Peripheral Vascular Disease – Signs, Symptoms and Treatment

Sep 5, 2019

Peripheral vascular disease is a circulatory problem that involves the narrowing of vessels that carry blood away from the heart. Plaque, a substance made up of fat and cholesterol, builds up on the inside walls of the arteries and restricts normal blood flow. This buildup of plaque is called atherosclerosis, or hardening of the arteries.

Atherosclerosis in the arteries that supply blood to the kidneys, stomach, arms, legs or feet is called peripheral arterial disease (PAD). One in every 20 Americans over the age of 50 has PAD. Prevalence of the disease increases with age and affects a disproportionate number of African Americans. Risk factors for developing the condition include smoking, diabetes, age, being overweight, and elevated blood pressure and cholesterol levels. Smoking is more likely than any of the other risk factors to cause PAD. In fact, a smoker’s risk can be up to four times higher than a nonsmoker.

If you have PAD you are more likely to develop other forms of cardiovascular disease. Compared to the rest of the population, a person with PAD increases your risk of coronary artery disease, heart attack, stroke or mini stroke.

One of the first signs of PAD can be painful cramping or fatigue in the legs and buttocks that occurs during activity, but stops during rest. However, approximately half of people with the disease have mild or no symptoms. The condition also can cause leg numbness or weakness, cold legs or feet, skin color changes in the arms or legs, toe or foot sores that don’t heal quickly, hair loss on feet and legs, and burning or achy feet and toes when resting or lying down. In advanced stages, blood flow to a leg or foot can be severely blocked, causing tissue death that may result in amputation.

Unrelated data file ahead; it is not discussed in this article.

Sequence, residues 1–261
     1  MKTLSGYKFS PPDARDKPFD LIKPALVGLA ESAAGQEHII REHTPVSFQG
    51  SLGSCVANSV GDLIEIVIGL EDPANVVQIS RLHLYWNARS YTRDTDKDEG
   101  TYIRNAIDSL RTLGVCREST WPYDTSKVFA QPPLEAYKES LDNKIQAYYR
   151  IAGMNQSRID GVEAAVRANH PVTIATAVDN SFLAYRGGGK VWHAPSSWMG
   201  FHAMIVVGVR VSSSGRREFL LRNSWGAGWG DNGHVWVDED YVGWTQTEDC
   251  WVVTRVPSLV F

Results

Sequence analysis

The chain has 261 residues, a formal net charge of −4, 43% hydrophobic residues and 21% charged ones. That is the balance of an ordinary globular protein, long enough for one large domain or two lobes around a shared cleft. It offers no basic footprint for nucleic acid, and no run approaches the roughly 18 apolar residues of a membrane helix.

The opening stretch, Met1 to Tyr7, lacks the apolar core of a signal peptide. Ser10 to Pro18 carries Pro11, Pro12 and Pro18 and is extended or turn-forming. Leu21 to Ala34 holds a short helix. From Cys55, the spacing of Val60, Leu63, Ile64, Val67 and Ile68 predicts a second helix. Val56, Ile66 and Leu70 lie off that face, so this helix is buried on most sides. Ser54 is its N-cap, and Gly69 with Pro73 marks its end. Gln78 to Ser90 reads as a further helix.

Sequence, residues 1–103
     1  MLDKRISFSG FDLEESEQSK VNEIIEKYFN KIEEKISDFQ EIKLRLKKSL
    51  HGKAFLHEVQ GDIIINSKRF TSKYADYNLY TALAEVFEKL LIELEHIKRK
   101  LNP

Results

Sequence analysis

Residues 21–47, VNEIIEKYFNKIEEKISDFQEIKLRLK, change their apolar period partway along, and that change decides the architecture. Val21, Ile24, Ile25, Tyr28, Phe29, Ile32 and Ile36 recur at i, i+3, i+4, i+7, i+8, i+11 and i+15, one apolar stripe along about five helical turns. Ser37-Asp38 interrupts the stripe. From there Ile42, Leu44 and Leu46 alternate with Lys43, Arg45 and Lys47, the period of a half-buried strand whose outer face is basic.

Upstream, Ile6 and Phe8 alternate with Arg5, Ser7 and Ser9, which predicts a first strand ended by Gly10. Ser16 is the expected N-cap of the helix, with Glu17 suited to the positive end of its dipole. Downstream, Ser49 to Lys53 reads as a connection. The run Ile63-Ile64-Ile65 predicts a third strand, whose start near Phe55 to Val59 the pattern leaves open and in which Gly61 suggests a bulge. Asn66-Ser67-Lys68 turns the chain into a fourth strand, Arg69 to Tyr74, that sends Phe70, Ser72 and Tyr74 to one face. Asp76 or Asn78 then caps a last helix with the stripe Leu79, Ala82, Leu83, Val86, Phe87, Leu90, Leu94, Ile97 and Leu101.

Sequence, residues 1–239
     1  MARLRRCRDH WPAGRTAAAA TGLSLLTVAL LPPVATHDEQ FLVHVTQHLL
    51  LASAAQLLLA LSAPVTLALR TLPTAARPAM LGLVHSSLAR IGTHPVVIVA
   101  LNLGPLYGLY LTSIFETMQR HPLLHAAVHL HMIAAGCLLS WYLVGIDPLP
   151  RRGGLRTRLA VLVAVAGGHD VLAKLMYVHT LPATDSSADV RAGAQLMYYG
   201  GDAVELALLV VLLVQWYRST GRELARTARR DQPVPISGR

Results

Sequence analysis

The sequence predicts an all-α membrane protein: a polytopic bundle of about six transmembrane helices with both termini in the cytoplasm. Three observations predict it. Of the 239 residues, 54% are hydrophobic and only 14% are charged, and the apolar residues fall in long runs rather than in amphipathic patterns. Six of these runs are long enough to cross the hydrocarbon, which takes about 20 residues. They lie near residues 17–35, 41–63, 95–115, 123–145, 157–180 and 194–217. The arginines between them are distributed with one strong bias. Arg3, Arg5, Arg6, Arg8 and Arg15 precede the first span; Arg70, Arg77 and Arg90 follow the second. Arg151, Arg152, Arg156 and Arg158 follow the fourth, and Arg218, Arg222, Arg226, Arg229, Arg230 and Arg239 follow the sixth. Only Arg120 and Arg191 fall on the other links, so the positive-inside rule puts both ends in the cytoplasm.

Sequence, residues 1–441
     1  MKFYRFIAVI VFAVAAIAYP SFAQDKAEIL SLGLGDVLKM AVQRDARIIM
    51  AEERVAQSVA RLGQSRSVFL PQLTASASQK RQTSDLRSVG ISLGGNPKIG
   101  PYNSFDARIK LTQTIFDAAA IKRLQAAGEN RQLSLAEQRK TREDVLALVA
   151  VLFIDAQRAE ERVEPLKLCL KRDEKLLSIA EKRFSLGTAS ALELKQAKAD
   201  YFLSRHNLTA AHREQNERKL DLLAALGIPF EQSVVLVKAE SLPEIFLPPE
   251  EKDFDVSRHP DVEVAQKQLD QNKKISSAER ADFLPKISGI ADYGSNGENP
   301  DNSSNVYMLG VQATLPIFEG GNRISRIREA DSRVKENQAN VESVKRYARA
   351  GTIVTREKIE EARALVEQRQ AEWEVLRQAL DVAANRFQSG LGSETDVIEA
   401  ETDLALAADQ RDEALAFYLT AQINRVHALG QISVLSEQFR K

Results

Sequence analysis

Diagnosing PAD can be done through an ankle-brachial index test which compares blood pressure levels in the ankle and arm. Arteriogram, a form of imaging that uses a dye injected into the blood vessels, allows the doctor to watch blood flow through the arteries as it happens. A medical history, physical exam or ultrasound also may be used to diagnose PAD.

 People diagnosed with PAD can usually be treated with lifestyle changes, medications or a combination of both. Lifestyle changes include smoking cessation, diabetes management, blood pressure control, exercise and a healthy diet. In some cases, however, surgery may be necessary to open vessels using a balloon catheter (a small, hollow tube). Doctors may bypass the blocked vessel using either a graft or directly inject a clot-dissolving drug into the artery. In some cases, a stent (a mesh tube) is inserted to keep the vessel open.

Leg pain, numbness or other symptoms should not be dismissed as normal aches and pains of aging. Early diagnosis and treatment of PAD is important to not only protect your health, but also decrease your risk of heart attack or stroke. To find out more about PAD, talk to your doctor or call 1-800-813-4345 to find a physician near you.


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